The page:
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Critical Reception: Ubisoft/Free Radical's Haze

This week's edition of Critical Reception examines exclusively compiled online reaction to the Free Radical-developed Haze, a PlayStation 3-exclusive first-person shooter that "really is this year's most significant gaming disappointment," accordin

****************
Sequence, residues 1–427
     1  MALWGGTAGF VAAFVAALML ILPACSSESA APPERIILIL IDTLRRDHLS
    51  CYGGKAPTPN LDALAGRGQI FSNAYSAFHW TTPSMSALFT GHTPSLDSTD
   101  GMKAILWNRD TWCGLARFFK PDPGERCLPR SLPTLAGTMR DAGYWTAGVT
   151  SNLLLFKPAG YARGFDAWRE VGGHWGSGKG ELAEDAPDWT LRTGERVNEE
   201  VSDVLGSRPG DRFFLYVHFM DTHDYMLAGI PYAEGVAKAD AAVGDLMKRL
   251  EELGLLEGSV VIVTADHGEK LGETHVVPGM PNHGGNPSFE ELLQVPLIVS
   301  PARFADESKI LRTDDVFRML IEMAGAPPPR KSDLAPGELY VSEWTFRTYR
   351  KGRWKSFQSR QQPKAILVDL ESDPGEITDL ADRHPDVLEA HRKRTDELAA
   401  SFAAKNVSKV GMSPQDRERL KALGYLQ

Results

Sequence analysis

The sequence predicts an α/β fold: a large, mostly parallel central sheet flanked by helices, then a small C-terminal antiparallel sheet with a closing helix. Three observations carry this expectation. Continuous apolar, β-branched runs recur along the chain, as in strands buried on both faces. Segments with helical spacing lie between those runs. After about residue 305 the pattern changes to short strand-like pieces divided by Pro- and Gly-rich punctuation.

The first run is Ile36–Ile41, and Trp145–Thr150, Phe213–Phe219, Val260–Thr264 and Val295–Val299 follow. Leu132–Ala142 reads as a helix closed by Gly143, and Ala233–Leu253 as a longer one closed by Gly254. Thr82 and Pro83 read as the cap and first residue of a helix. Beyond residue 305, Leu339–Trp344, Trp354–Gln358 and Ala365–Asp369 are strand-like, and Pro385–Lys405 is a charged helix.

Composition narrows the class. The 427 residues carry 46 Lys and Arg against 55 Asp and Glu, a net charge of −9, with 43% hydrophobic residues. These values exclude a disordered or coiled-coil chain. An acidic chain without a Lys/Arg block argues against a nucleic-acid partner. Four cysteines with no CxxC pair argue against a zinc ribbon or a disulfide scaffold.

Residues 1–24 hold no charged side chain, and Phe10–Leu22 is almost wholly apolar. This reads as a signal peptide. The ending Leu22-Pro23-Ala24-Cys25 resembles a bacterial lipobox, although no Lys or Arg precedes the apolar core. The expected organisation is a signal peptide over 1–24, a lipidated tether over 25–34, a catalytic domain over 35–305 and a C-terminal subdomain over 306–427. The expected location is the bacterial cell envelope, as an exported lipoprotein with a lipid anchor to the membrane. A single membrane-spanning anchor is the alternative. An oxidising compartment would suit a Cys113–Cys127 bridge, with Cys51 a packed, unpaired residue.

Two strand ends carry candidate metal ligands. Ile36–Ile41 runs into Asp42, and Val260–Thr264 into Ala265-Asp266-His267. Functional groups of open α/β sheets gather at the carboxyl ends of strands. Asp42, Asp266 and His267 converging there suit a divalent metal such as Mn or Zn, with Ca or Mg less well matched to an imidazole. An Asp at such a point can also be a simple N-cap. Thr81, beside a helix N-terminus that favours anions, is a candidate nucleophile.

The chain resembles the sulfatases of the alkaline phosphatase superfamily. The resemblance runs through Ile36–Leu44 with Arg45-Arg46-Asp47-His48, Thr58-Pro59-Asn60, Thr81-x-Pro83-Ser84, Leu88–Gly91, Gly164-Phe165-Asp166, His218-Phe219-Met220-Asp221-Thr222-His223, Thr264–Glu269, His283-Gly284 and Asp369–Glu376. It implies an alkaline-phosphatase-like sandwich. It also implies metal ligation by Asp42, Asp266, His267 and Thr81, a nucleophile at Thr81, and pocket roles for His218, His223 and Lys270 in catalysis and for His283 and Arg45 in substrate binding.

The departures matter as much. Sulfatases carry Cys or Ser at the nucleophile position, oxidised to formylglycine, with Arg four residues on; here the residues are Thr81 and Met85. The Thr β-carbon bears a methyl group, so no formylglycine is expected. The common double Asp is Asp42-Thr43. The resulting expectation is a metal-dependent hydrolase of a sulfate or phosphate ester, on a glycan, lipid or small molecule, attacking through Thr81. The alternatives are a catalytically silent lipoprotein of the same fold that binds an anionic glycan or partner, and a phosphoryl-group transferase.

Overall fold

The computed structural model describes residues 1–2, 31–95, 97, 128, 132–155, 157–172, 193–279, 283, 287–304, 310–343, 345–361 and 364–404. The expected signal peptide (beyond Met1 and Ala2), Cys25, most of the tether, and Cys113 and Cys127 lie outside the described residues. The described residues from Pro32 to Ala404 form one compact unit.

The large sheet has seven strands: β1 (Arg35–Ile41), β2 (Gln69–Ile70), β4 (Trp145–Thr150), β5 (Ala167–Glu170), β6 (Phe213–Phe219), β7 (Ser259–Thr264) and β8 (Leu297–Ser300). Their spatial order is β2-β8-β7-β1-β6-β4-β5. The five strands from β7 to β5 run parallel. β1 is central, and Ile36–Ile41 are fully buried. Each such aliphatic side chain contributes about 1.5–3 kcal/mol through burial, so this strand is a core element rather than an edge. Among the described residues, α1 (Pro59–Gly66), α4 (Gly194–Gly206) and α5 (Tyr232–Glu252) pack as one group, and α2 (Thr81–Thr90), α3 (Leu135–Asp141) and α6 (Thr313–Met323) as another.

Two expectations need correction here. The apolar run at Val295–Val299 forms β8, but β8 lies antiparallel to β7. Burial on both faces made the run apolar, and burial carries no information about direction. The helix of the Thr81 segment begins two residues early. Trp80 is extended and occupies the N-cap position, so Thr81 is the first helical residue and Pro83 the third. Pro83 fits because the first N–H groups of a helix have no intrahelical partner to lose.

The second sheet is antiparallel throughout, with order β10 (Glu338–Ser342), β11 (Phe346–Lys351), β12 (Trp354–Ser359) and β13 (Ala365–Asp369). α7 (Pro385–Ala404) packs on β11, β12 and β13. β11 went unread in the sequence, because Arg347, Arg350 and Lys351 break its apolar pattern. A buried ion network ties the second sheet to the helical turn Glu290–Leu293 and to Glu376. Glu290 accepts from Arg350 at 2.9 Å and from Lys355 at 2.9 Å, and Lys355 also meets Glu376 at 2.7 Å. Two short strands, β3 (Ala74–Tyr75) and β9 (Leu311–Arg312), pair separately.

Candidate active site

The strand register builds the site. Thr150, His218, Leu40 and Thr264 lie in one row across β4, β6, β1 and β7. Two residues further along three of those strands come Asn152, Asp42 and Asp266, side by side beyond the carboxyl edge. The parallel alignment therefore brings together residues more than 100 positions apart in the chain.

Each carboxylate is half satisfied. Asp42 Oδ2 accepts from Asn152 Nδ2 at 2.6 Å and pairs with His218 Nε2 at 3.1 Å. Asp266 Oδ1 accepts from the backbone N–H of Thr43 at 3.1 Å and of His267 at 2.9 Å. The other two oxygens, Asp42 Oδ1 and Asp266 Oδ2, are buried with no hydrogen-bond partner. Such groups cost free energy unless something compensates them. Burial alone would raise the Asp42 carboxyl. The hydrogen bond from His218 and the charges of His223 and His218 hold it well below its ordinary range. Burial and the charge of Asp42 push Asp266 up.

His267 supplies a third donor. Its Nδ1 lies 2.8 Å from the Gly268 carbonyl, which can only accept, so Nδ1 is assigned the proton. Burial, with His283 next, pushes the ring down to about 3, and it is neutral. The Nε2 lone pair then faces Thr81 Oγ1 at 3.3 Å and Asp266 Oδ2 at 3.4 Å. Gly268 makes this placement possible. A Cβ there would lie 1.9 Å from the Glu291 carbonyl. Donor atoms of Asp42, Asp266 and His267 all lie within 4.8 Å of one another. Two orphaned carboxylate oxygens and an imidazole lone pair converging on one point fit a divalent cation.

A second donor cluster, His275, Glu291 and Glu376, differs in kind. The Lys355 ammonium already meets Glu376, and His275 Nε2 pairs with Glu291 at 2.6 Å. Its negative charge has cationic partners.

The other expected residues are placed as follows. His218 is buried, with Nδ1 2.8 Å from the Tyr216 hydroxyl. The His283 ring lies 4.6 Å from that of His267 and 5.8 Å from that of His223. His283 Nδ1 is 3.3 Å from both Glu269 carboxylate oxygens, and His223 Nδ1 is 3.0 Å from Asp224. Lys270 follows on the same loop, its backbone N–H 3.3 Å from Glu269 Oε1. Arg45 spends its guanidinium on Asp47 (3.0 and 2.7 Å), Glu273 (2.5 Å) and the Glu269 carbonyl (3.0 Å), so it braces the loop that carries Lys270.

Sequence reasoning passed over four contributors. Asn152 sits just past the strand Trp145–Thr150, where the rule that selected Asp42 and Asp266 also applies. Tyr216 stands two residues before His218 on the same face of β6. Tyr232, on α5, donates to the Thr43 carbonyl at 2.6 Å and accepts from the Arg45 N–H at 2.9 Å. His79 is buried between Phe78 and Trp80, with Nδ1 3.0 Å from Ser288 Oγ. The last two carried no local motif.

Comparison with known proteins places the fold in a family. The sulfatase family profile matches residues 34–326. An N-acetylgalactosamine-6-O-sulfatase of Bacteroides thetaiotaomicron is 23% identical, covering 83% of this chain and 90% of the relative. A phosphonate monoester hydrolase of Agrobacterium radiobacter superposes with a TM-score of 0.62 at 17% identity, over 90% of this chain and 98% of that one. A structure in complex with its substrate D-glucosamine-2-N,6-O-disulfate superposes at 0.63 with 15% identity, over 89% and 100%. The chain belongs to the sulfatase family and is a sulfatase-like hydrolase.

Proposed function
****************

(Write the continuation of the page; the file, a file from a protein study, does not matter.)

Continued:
This week's edition of the regular Critical Reception column examines online reaction to Haze, a PlayStation 3-exclusive first-person shooter that "really is this year's most significant gaming disappointment," according to reviews. Critical expectations ran high in the months leading up to Haze's release. Developer Free Radical Design's previous work on the TimeSplitters series was met with widespread critical acclaim. Its PlayStation 3 debut would be matched up against established FPS hits like Unreal Tournament 3 and Resistance: Fall of Man. After spending its first week on store shelves, however, Haze earns an unexpectedly low Metacritic-averaged score of 57 out of 100. Matt Bertz at Game Informer rates Haze at 6.25 out of 10. "The year is 2023, and Shane Carpenter is the newest numbskull to join the ranks of Mantel Corporation, a multinational biotech company that fields its own army," Bertz begins. "Their secret weapon is Nectar, a supplement that gives soldiers increased fighting skills and a euphoric high that prevents them from experiencing PTSD." Bertz feels that Nectar gives Haze's gameplay a compelling boost. "On the battlefield, Nectar is a powerful tool. Inject the ideal amount and it increases your speed, accuracy, and awareness, highlighting enemies in bright orange," he writes. "If you take too large a dose or your Nectar tank explodes, however, your character will go berserk, shooting anyone in his crosshairs and sometimes even cooking a kamikaze grenade." This winds up being a short-lived high point, however. "Though the drug Nectar hardly makes Haze a good game," Bertz explains, "when Free Radical takes it away a quarter of the way through, the game world suddenly feels barren, and you long for one last hit to make the drab experience mildly interesting again." Haze's gameplay is otherwise problematic, according to Bertz. "The poorly implemented threat indicators make it tough to figure out where fire is coming from, and enemies display the intelligence of raging bulls, relentlessly charging you with total disregard for tactics," he says. "Haze also features the worst variety of weapons I’ve seen in a long while," Bertz continues, "and you’ll only fight variations of two enemies over the course of the campaign." Bertz finds that Haze can be enjoyable with others, but otherwise remains disappointing throughout. "Haze’s saving grace is its co-op gameplay, which can be fun when you shoot a friend’s Nectar tank from behind to watch him freak out," he says. "But these short experiences do nothing to offset the major disappointment the rest of the game delivers." GameZone's Angelina Sandoval delivers a Haze review scored at 5.5 out of 10, expressing similar disappointment with the underused Nectar mechanic. "The interesting aspect of Haze is Nectar," she admits, "but the game uses it more as a sort of gimmick and not a worthwhile tool that benefits the story." "With the L2 button you are able to administer a dose of Nectar that will allow you cause more melee damage, enhance your aiming so sniper shots are more precise, take more bullet damage and reveal the position of any hiding enemy thanks to enhanced vision that makes your enemies glow." Sandoval describes. "These sound like cool abilities but other Ubisoft shooters such as Far Cry have handled similar abilities far more effectively and a lot more fun than this game," she continues. "The only interesting slant is that you can overdose on Nectar which will cause your character to become disoriented for a limited time." In the absence of Nectar, Haze loses much of its appeal, according to Sandoval. "Haze is the type of game that shows all its cards way too early in the game," she says. "There’s very little else about the game that will feel fresh later in the game and the action quickly becomes repetitive and the story less interesting." Like Bertz, Sandoval also finds that Haze's multiplayer proves to be the title's strongest aspect, though online play may be of limited appeal. "The game also offers the option to play through the game’s campaign mode with a friend in co-op mode. Having a friend join you in battle allows you to reach checkpoints faster and take on hordes of enemies at a time," she writes. "You can play online but the game modes are the usual Deathmatch and Team Deathmatch variety that I don’t see gamers playing this one for very long online." "Haze for PlayStation 3 was a great idea and would have made a brilliant console exclusive but its various shortcomings make this a truly bland and uninteresting shooter with very little to offer," Sandoval notes in conclusion. "This is very unfortunate considering the fact that there are some fun moments scattered throughout the game and co-op actually works well." Over at Eurogamer, Kristan Reed scores Haze at 4 out of 10 -- a tie for the lowest score the title has received so far, according to Metacritic. "If there's one thing the world doesn't need right now, it's another spirit-crushing first-person shooter, but here it is anyway," he remarks. "And after enduring such teeth-grinding nonentities as Blacksite, Turning Point and Conflict: Denied Ops in recent months, the fact that such a respected, reliable developer as Free Radical Design can turn out such a desperately uninspired effort is not only a shock, but a massive disappointment." Reed directs much of his criticism at developer Free Radical Design. "One thing FRD has been exceptionally good at is making games with a style, feel and personality completely at odds with everyone else's," he recalls. "But, after a three-year absence, rather than launching onto the next generation scene with bold concepts and dazzling technology, Haze limps along apologetically - a stark demonstration of a developer completely out of touch with a genre it used to help boss." Haze's concepts, according to Reed, are executed with lackluster results. "The general premise of playing the soldier with a moral conscience is fine on its own," he admits, "and, yes, we get the fact that you're not supposed to approve of the antics and utterances of your meat-headed bio-enhanced squad-mates, but the ham-fisted execution is akin to being told the same rubbish joke over and over again." "It's a shame," Reed continues, "because the original concept of fighting on the side of a dubious corporate entity had potential." Reed finds that Haze's mid-game storyline change-up also falls flat. "Faced with a chance to take out the apparent source of the local evil, instead you predictably switch sides and begin to wipe out all the mouthy imbeciles you've been fighting alongside," he describes. "But as liberating as this might be in theory, the reality is dull: the absence of your Nectar-enhanced abilities turn the gameplay into a basic run-and-gun trudge." This trudge consists of poor AI and uninspired FPS gameplay, says Reed. "Enemies are predictable, idiotic, never work as a team, and seem strangely incapable of utilising the massive advantages that Nectar gives them," he writes. "Occasional attempts at giving the gameplay a little more depth and variety with switch-flicking 'puzzles', buggy-driving interludes or on-rails flyby shooting sorties only serve to underline the absence of inspiration and imagination." "You really have to wonder how it all ended up this dreadful, especially after all the time and resource Ubisoft and Free Radical expended telling people the opposite," Reed criticizes. "The combat's weak, the storyline's excruciating, it's technically deficient - Haze really is this year's most significant gaming disappointment." Despite promising gameplay concepts and the strength of Free Radical Designs' previous work in the FPS genre, many critics express disappointment in Haze. Though reviewers praise the potential of its Nectar mechanic, a majority find that Haze's gameplay is otherwise lacking and unrefined, and marks a major disappointment in the PlayStation 3's software lineup.